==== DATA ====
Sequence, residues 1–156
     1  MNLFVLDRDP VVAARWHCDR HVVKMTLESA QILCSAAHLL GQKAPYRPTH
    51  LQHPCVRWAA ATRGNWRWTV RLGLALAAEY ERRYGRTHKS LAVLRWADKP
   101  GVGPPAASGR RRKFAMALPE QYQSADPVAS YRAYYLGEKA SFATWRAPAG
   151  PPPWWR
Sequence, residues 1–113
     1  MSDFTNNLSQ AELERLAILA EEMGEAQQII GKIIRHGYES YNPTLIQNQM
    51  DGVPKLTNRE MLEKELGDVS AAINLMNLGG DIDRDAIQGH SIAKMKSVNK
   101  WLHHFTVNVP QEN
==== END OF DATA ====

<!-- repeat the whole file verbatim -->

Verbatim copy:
Sequence, residues 1–156
     1  MNLFVLDRDP VVAARWHCDR HVVKMTLESA QILCSAAHLL GQKAPYRPTH
    51  LQHPCVRWAA ATRGNWRWTV RLGLALAAEY ERRYGRTHKS LAVLRWADKP
   101  GVGPPAASGR RRKFAMALPE QYQSADPVAS YRAYYLGEKA SFATWRAPAG
   151  PPPWWR
Sequence, residues 1–113
     1  MSDFTNNLSQ AELERLAILA EEMGEAQQII GKIIRHGYES YNPTLIQNQM
    51  DGVPKLTNRE MLEKELGDVS AAINLMNLGG DIDRDAIQGH SIAKMKSVNK
   101  WLHHFTVNVP QEN